Writing in chalk was the hardest part. I must have erased various wordings (Tara's tea, peppermint, etc.) at least 20 times. I settled on "Tea" because it was short and sweet.

2-second garden tip: Add a peony hoop now

The second 2-second garden tip in our new Pinterest series comes from Amy Andrychowicz who writes the Get Busy Gardening blog. Amy and I met and hung out at the annual Garden Writers Association Symposium this past summer in Quebec City. What really impressed me about Amy is that for her day job she is a software developer, yet she has devoted what I’m guessing is a lot of spare time (and passion) to create gorgeous gardens around her Minneapolis, Minnesota home (USDA zone 4b!). She also finds the time to regularly update her blog with lots of great gardening tips. Now that winter is coming, Amy will be turning her attention to her indoor garden. Apparently she has a big collection of houseplants, succulents and tropical plants.

I have to admit, I first saw this tip on the Get Busy Gardening Facebook fan page. I asked Amy if she would mind if I turned it into a 2-second garden tip, which she happily agreed to. Voilà!

A short post about overwintering my fig tree

I was going to keep this post short and sweet, but I thought I should say a bit more about overwintering my fig than simply that I brought it into the garage.

Before getting my fig tree cosied up in its winter home, I first had to remove two small figs that appeared in September. I was so excited because my fig tree was a mere stick when Steven Biggs (aka The Fig Pig) gave it to me at the end of last winter. I tweeted Steven (@noguffsteve) to ask what I should do with my wee crop. He said that the figs probably formed a bit too late to ripen this year, so I should break them off by winter if they did not fall off themselves (check!).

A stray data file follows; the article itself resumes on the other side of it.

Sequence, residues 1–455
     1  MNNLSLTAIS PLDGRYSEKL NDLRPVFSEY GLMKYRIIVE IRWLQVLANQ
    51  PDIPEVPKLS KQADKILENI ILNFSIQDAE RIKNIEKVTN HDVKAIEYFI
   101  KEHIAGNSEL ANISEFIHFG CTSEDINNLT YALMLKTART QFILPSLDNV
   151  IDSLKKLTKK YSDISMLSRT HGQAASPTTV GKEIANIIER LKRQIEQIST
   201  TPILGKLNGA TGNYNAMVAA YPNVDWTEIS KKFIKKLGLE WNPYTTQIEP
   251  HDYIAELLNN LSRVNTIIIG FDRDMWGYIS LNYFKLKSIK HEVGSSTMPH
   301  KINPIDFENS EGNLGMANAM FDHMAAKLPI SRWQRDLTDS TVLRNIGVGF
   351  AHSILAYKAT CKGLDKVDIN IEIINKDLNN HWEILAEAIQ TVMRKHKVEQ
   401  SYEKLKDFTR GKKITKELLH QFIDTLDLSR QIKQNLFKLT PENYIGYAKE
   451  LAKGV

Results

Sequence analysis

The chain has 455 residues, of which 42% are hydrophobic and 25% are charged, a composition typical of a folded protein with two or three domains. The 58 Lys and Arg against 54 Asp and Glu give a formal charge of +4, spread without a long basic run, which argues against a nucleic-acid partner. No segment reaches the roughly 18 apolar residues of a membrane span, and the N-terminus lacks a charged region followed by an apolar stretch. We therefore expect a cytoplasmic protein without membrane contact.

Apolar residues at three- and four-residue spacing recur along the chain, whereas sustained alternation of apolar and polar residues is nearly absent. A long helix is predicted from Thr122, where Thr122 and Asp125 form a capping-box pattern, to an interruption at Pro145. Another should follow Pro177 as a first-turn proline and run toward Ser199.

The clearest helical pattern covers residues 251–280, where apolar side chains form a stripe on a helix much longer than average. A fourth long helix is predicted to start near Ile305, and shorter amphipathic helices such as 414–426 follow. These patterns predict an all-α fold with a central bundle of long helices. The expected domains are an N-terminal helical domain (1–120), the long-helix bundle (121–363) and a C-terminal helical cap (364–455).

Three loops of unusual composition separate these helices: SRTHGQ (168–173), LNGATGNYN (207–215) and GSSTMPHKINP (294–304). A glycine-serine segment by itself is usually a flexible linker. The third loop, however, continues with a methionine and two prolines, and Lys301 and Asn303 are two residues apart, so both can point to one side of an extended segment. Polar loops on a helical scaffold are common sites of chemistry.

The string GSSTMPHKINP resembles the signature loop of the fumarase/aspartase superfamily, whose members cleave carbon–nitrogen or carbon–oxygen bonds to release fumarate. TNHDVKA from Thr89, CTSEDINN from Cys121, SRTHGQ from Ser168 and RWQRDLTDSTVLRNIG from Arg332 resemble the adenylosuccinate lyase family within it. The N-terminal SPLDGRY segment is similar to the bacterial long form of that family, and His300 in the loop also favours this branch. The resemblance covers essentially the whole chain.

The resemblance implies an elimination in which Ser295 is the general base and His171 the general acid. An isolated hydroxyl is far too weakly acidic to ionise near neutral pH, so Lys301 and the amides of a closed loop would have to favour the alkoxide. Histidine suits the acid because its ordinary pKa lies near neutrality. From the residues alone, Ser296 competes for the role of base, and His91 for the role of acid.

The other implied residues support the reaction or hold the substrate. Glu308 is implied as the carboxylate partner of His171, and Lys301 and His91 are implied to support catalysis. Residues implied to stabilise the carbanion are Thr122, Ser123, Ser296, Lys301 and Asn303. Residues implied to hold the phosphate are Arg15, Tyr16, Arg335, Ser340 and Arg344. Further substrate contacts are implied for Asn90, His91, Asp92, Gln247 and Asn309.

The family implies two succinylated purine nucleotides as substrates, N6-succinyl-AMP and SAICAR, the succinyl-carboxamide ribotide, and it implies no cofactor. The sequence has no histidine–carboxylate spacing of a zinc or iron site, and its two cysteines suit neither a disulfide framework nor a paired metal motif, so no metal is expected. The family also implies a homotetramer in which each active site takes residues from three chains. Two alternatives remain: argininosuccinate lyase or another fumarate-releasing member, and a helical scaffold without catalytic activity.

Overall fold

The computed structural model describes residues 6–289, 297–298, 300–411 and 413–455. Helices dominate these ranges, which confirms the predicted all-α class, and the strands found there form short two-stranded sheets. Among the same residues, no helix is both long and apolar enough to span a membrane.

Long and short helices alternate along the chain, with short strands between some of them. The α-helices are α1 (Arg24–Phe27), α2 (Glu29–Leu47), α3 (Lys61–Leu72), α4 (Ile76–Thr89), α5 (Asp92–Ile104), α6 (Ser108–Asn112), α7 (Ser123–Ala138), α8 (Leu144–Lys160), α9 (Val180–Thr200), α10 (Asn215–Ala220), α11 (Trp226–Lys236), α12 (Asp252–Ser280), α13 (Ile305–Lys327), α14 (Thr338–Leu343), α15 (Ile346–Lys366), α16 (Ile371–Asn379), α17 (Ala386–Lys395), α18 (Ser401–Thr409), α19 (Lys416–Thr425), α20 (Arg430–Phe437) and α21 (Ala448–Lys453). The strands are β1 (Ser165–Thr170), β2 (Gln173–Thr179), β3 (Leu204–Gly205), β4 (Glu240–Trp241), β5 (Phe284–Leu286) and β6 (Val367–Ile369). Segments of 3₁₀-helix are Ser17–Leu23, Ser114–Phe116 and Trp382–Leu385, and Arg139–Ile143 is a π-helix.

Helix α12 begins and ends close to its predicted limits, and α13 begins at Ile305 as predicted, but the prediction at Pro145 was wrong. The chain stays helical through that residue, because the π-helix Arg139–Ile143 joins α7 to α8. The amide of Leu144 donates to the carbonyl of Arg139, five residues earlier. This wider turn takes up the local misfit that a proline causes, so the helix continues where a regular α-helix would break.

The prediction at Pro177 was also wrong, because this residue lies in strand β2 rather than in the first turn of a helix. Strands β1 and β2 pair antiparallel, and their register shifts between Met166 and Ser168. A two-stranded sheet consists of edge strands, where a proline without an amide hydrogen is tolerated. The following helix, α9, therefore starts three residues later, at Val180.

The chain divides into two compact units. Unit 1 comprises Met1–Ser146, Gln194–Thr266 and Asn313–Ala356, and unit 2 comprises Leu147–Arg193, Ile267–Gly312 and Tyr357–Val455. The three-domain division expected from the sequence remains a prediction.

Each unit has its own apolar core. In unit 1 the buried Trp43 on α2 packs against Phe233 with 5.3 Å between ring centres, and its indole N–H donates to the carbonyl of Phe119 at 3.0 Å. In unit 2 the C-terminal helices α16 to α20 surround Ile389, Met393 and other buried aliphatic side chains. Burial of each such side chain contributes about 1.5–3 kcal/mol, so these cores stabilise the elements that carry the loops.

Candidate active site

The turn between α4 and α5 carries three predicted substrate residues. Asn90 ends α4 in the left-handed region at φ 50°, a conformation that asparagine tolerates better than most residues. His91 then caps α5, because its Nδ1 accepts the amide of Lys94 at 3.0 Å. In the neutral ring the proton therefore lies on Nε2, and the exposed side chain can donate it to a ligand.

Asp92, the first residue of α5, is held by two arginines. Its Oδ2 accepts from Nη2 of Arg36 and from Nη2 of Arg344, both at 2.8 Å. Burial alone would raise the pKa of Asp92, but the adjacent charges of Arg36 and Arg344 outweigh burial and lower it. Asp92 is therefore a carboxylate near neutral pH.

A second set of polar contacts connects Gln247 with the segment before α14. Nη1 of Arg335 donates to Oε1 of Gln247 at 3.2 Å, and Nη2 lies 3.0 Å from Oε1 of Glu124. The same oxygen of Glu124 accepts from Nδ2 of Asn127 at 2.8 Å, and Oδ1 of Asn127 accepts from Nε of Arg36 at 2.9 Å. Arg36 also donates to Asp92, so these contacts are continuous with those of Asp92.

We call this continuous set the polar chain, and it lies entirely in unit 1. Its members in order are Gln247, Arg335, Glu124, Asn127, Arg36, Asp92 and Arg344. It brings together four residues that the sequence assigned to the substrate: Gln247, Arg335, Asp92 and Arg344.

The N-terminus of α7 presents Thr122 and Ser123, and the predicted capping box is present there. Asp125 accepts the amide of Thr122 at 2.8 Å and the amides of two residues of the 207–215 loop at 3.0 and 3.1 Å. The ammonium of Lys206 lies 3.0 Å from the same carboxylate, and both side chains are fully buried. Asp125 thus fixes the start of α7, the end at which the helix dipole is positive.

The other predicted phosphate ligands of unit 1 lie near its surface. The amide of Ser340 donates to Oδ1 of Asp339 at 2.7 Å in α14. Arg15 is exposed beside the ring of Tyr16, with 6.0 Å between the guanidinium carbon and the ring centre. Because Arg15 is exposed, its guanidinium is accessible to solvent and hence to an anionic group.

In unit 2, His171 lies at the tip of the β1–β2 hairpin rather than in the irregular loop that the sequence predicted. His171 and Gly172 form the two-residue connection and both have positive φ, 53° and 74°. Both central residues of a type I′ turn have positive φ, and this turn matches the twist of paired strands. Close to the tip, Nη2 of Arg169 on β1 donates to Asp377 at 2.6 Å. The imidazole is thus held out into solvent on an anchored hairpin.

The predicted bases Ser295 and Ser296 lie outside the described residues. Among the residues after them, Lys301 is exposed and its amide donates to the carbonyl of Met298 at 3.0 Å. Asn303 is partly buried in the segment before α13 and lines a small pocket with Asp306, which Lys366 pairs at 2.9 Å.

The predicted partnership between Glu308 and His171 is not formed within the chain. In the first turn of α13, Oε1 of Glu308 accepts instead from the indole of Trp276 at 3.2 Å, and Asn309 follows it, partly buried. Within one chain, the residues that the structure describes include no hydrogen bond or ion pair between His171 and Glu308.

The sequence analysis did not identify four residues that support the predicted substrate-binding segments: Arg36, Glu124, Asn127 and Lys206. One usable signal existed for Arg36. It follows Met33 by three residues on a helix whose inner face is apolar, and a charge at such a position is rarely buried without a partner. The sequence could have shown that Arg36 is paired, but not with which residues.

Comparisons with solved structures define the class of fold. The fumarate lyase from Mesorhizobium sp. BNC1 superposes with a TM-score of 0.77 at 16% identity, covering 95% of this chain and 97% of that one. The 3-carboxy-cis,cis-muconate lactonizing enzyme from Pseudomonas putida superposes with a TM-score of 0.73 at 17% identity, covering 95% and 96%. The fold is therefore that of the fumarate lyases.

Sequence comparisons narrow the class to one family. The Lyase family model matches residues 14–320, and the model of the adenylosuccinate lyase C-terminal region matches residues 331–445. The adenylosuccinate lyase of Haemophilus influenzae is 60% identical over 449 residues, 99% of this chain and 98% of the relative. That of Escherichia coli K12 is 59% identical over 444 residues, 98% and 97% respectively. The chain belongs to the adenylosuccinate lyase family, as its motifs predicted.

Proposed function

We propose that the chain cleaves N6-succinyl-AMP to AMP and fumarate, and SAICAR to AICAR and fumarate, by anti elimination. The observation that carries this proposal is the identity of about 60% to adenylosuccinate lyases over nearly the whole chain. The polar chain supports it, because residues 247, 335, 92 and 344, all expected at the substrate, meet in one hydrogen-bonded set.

Can you spot the wee fig?

By next July, Steven said I should get my first crop of breba figs. Breba is the name given to the crop that grows off the previous year’s shoot growth. There will be a second crop later in the summer that will grow off next year’s shoot growth.

I should add that I brought the fig tree into the garage after a couple of light frosts, but before our first hard frost. The leaves were starting to drop, indicating that the tree was going into dormancy. My garage is the perfect place for overwintering because it is fairly dark and cool, but above freezing.

Steven recently posted on his blog about overwintering figs outdoors using a “door” method. It’s worth a read if you can’t bring your fig trees inside!

Fall seeding in the sandbox

Late this summer, my friend Halli led me through her fading garden collecting flower seeds for me to bring back from my visit. Many of the plants she showed me were planted by her grandmother, self seeding annuals that have thrived for years outside the family home. There were nasturtiums, poppies, blanket flowers, sweet peas, and bellflowers. Some were familiar, some were new, and all got me excited about adding them to my own garden.

 

Then I got home and life took over.

I took the seeds out of the plastic I brought them home in, but the plate where I spread them to dry got knocked over, and the little slip of paper where I had noted the description and identity of each seed went missing. I moved the seeds to a safer location, and forgot all about them.

Now, here we are, the beginning of November, and I’m feeling guilty. I can’t waste this gift, but we’ve already had a couple of snow falls. The ground is starting to freeze. Should I hang on to them until next year, and hope they are still viable? Shall I give them an artificial winter in the fridge?

To the rescue: what I call my “sandbox” (an idea I think I gleaned from Marjorie Harris)–a little spot of ground specifically left empty for playing, experimenting, and housing the random plants that jump into your hands at the greenhouse. Mine is in a little corner of the front flower bed, out of immediate view, but close enough to where the action is that it doesn’t get forgotten. I think it will make the perfect way station for Halli’s seeds. Loosely sown on the soil surface, scratched in just a little, they should ride out the winter in the way they were meant to, and in the spring (hopefully) I will have a riot of new faces to sort through.

Replacing the leaves that naturally gather in this corner will add some winter protection.

2-second garden tip: Saving plants from fall containers